Eczema Care Online: development and qualitative optimisation of an online behavioural intervention to support self-management in young people with eczema

Kate Greenwell, Daniela Ghio, Katy Sivyer, Mary Steele, Emma Teasdale, Matthew J Ridd, Amanda Roberts, Joanne R Chalmers, Sandra Lawton, Sinead Langan, Fiona Cowdell, Emma Le Roux, Sylvia Wilczynska, Hannah Jones, Emilia Whittaker, HC Williams, Kim Suzanne Thomas, Lucy Yardley, Miriam Santer, Ingrid Muller

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Objectives: To describe the development of Eczema Care Online (ECO), an online behaviour change intervention for young people with eczema (phase I); and explore and optimise the acceptability of ECO among this target group using think-aloud interviews (phase II).

Methods: Theory-based, evidence-based and person-based approaches to intervention development were used. In phase I, a qualitative systematic review and qualitative interviews developed an in-depth understanding of the needs and challenges of young people with eczema. Guiding principles highlighted key intervention design objectives and features to address the needs of this target group to maximise user engagement. Behavioural analysis and logic modelling developed ECO’s hypothesised programme theory. In phase II, qualitative think-aloud interviews were carried out with 28 young people with eczema and the intervention was optimised based on their feedback.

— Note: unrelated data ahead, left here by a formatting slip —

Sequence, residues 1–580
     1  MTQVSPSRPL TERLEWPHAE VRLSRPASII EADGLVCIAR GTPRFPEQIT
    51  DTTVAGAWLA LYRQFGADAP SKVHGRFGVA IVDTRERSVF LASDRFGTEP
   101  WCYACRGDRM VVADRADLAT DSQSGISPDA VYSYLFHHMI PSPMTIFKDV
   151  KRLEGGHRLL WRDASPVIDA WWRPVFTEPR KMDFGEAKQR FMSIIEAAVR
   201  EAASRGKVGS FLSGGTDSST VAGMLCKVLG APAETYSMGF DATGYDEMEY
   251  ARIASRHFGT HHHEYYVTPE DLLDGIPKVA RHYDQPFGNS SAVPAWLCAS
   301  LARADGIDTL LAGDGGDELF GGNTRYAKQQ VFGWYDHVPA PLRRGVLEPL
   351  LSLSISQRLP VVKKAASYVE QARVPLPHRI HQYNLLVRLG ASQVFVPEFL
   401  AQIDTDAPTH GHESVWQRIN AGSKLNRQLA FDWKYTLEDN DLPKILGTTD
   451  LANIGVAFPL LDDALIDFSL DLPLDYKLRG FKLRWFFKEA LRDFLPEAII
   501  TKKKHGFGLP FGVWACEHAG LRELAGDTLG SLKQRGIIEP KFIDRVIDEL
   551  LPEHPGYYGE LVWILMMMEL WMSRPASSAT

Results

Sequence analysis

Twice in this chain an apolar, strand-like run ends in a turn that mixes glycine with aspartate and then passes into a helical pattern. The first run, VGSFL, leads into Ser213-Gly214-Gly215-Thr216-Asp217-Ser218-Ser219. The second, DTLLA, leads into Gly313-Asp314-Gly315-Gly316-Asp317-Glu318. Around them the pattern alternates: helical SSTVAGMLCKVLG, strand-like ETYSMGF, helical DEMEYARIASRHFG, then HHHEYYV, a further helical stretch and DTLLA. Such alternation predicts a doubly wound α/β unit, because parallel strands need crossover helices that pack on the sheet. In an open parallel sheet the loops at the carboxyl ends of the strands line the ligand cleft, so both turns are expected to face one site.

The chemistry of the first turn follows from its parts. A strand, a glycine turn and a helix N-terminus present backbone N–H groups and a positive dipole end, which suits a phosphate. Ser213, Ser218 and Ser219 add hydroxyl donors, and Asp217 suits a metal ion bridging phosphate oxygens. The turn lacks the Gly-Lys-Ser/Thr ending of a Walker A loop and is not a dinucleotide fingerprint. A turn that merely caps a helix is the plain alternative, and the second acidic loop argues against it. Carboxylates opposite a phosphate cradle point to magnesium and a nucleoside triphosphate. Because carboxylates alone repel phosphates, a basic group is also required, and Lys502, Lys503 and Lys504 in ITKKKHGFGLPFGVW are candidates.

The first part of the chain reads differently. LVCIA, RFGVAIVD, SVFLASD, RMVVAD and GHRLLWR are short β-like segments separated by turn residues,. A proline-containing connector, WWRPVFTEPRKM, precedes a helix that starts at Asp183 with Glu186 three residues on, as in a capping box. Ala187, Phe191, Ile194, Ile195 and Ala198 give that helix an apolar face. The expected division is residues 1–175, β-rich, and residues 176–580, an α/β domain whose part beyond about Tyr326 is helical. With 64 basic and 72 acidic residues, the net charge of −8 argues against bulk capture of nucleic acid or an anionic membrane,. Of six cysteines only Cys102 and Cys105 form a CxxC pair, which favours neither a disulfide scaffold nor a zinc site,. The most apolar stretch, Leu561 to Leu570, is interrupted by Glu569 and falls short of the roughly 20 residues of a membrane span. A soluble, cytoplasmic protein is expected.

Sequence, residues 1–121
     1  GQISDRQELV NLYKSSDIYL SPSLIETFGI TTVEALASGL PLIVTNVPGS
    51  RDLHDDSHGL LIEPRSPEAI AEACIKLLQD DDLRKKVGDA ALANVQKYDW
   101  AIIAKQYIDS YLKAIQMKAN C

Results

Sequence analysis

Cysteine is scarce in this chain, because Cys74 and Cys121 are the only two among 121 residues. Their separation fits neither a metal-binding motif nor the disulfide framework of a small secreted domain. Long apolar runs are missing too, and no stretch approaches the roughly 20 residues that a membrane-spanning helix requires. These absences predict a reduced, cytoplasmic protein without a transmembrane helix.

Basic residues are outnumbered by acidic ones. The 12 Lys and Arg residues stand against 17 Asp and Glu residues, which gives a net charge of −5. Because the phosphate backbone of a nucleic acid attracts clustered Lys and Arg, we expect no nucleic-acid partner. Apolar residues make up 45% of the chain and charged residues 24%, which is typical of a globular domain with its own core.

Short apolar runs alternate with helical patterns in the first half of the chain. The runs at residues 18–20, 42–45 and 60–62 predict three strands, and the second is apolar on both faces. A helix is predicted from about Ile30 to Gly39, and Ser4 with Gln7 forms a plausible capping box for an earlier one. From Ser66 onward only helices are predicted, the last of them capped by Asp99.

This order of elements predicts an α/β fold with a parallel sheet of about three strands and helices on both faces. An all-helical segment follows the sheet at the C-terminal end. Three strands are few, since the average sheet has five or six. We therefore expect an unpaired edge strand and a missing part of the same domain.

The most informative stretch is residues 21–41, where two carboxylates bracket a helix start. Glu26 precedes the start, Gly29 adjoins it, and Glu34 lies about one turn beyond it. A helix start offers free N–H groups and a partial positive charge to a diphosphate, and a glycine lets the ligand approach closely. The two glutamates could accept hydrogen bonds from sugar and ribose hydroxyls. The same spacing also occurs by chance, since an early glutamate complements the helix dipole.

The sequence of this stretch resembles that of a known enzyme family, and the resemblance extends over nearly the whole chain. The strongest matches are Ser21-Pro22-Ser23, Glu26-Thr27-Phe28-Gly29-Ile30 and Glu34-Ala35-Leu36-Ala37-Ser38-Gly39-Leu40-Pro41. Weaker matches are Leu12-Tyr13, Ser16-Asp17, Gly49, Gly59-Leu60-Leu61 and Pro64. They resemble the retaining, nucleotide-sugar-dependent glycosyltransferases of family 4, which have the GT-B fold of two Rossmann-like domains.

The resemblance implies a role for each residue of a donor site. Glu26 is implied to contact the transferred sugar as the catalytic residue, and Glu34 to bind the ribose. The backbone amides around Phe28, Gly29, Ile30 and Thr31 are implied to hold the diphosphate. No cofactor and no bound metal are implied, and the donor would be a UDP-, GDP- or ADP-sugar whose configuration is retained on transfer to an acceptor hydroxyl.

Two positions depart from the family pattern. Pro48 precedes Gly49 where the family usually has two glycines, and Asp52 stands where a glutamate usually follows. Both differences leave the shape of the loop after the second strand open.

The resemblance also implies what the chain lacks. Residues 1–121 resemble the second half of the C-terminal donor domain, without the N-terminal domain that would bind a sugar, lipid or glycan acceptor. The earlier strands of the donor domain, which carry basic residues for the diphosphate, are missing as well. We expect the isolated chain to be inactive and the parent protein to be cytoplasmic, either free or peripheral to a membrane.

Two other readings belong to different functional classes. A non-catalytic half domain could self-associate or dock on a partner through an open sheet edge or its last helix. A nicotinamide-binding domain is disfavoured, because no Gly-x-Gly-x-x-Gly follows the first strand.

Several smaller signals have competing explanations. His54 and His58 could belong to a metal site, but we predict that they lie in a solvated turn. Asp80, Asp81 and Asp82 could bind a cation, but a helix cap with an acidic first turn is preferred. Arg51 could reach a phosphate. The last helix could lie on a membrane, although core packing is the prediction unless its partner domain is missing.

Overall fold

Results: The final intervention aimed to reduce eczema severity by supporting treatment use (emollients, topical corticosteroids/topical calcineurin inhibitors), management of irritants/triggers, emotional management and reducing scratching. Generally, young people expressed positive views of intervention content and design in think-aloud interviews. Quotes and stories from other young people with eczema and ECO’s focus on living with eczema (not just topical treatments) were valuable for normalising eczema. Young people believed ECO addressed knowledge gaps they had from childhood and the safety information about topical corticosteroids was reassuring. Negative feedback was used to modify ECO.

Conclusions: A prototype of the ECO intervention was developed using rigorous and complementary intervention development approaches. Subsequent think-aloud interviews helped optimise the intervention, demonstrated ECO is likely to be acceptable to this target group, and provided support for our guiding principles including key design objectives and features to consider when developing interventions for this population. A randomised controlled trial and process evaluation of the intervention is underway to assess effectiveness and explore user engagement with the intervention’s behavioural goals.
Original languageEnglish
Article numbere056867
Number of pages10
JournalBMJ Open
Issue number4
Publication statusPublished - 20 Apr 2022


  • Dermatology
  • 1506
  • 1687
  • eczema
  • qualitative research
  • paediatric dermatology
  • primary care


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